• Pain: If you have disc herniation in your lower back, the pain will typically radiate from your spine to your leg, buttocks, or foot. It may feel like a tingle or a burning pain.

Your shoulder or arm will be affected if the herniated disc is in your neck or upper spine, and you may experience radiating pain from sudden movements, such as a cough or sneeze.

  • Sensations on one side of the body: In the event that the sciatic nerve (the nerve in the lower spine that is connected to your legs, hips, and buttocks) is affected, you could experience strange sensations that feel a lot like electrical shocks on one side of the body.

  • Numbness: A numb or tingling feeling may occur in the hands, feet, legs, or arms depending on which spinal nerves are pinched.

  • Pain during certain activities: Your pain gets worse during activities like laughing, coughing, sneezing, bending, or lifting something.

  • Relief from pain while resting: Sitting in a reclining position or lying on your back may help with pain management if you have a herniated disc.

  • Pain when sitting: If you have a ruptured disc that affects your lower spinal cord, sitting down may cause significant pain.

Woman in a purple t-shirt is sitting in a chair and has her right hand on her mid to lower back. She appears to be in discomfort.
Key Point: What Else Could it Be?

The signs of a herniated disc can be difficult to identify and the following conditions may be mistaken for a slipped disc:

  • Osteoarthritis
  • Piriformis syndrome (PS)
  • Muscular disorders (especially in the buttocks)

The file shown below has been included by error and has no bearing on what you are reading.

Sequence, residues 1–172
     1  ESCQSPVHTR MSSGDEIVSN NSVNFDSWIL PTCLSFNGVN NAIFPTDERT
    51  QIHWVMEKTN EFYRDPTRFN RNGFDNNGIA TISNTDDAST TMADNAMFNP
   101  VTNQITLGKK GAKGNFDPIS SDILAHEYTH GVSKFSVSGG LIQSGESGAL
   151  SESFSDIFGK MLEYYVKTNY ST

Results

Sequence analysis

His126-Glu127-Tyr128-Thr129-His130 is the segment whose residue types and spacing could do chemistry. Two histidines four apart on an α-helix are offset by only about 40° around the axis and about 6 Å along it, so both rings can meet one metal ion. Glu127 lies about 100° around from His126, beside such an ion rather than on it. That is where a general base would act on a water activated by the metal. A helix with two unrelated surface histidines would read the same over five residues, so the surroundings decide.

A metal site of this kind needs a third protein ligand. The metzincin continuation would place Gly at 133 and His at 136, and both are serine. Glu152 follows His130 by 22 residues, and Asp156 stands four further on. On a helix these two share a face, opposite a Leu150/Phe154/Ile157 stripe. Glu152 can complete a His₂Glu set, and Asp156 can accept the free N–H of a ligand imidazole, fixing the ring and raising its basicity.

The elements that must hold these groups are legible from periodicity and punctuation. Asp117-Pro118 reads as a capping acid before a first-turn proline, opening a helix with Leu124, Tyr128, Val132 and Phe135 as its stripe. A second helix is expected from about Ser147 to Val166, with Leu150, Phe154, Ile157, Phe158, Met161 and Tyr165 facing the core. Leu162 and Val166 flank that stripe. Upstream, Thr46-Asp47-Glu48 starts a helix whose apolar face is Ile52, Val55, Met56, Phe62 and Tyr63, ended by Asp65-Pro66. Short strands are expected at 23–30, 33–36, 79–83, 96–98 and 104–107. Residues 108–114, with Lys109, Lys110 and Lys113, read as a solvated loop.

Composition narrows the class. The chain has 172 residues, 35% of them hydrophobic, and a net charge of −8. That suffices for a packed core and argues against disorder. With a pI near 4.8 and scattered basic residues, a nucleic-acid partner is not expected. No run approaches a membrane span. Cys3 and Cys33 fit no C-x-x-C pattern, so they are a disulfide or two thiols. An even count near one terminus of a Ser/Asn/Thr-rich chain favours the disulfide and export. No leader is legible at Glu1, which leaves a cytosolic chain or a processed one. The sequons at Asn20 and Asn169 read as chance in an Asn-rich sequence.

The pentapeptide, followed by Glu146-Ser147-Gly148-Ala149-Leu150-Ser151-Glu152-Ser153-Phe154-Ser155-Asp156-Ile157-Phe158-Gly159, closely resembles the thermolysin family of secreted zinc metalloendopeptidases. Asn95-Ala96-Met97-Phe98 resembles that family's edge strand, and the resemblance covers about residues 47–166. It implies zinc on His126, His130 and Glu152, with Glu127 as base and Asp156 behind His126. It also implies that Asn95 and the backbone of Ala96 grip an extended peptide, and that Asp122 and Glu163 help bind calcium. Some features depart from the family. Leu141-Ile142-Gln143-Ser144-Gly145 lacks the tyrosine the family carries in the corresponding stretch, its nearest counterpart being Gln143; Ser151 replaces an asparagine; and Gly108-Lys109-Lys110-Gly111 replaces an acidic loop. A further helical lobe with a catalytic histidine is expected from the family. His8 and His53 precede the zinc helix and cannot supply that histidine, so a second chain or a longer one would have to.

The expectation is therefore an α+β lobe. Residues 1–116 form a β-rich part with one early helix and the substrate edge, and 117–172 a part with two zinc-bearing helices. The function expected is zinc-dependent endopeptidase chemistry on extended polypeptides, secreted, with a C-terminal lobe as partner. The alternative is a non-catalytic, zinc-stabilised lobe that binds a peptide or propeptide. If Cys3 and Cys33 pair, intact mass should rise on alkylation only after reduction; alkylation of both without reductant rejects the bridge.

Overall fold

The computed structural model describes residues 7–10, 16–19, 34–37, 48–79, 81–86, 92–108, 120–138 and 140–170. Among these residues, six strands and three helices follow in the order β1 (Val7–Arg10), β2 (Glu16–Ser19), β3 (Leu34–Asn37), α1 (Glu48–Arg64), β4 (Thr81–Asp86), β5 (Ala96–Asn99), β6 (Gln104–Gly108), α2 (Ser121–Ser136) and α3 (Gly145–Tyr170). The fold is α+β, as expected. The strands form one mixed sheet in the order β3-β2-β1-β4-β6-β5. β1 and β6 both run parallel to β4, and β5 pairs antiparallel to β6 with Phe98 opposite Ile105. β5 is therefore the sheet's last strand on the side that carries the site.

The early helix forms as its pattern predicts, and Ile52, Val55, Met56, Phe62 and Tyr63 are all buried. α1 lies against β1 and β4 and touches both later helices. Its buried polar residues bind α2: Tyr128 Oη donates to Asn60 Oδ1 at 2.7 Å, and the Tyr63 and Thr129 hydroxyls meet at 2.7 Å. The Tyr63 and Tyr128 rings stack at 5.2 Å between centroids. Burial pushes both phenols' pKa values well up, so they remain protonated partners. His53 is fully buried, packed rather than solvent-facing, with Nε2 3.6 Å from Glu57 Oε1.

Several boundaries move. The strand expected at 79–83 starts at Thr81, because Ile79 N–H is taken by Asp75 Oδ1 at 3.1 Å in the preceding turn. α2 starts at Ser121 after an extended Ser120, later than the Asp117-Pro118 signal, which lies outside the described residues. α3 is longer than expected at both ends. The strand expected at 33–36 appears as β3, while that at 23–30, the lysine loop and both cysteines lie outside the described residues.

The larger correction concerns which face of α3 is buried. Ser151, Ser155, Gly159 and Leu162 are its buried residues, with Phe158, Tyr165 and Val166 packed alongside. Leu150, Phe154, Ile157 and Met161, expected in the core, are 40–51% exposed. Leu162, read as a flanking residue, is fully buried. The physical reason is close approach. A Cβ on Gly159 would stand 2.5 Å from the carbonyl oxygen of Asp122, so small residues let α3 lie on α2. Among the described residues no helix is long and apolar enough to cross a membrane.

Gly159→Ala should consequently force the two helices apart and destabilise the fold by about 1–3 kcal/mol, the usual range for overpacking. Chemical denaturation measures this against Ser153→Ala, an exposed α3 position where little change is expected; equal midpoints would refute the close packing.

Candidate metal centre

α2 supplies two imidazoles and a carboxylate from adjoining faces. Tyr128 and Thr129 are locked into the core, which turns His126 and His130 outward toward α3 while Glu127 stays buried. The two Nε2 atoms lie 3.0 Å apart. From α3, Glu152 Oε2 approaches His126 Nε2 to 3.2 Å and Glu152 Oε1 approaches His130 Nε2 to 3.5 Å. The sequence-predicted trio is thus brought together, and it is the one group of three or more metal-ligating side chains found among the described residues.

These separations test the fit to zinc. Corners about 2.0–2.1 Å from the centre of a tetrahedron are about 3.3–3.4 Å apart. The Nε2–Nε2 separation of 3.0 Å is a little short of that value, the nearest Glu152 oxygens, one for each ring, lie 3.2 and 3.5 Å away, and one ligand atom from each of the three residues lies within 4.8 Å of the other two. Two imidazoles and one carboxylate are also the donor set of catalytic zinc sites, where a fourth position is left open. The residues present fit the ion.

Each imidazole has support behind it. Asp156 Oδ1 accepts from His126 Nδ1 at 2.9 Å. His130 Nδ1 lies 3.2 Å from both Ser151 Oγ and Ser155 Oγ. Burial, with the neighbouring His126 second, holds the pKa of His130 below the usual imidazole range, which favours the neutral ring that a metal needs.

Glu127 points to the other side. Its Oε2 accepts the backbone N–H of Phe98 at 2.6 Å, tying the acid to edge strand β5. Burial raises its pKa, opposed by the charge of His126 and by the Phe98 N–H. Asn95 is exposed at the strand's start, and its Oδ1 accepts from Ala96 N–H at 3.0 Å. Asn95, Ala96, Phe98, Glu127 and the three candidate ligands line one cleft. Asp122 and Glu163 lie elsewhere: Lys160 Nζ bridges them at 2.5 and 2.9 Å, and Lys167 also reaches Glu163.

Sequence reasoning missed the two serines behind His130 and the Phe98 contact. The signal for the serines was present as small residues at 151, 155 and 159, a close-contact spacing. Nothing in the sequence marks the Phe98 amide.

• Mild sciatica
  • Tumors of the spinal cord
  • Degenerative disc disease (DDD)
  • Cauda equina syndrome (CES)

Some of the disorders listed above share common symptoms with herniated discs, but a medical professional will be able to provide an accurate diagnosis and prescribe the right treatment.

How is a Herniated Disc Diagnosed?

It’s possible to make an educated guess about the underlying cause of your pain by assessing your symptoms. However, you’ll need a medical professional to perform a physical exam to accurately diagnose a disc herniation.

If you suspect you have a slipped disc, contact your healthcare provider and schedule an appointment.

Your doctor will conduct a physical exam to test your:

  • Muscle strength
  • Reflexes
  • Mobility
  • Level of pain

Here are some of the tests that may be done to diagnose a slipped disc:

  • X-rays: An X-ray won’t pick up a disc herniation, but it can rule out other conditions, such as tumors.

  • Computed tomography scan (CT scan): A CT scan takes images of your spine that can help doctors diagnose a lumbar disc herniation.

  • Magnetic resonance imaging (MRI): MRIs are considered the most effective imaging test to diagnose disc herniation. With this test, doctors can confirm the precise location of the slipped disc.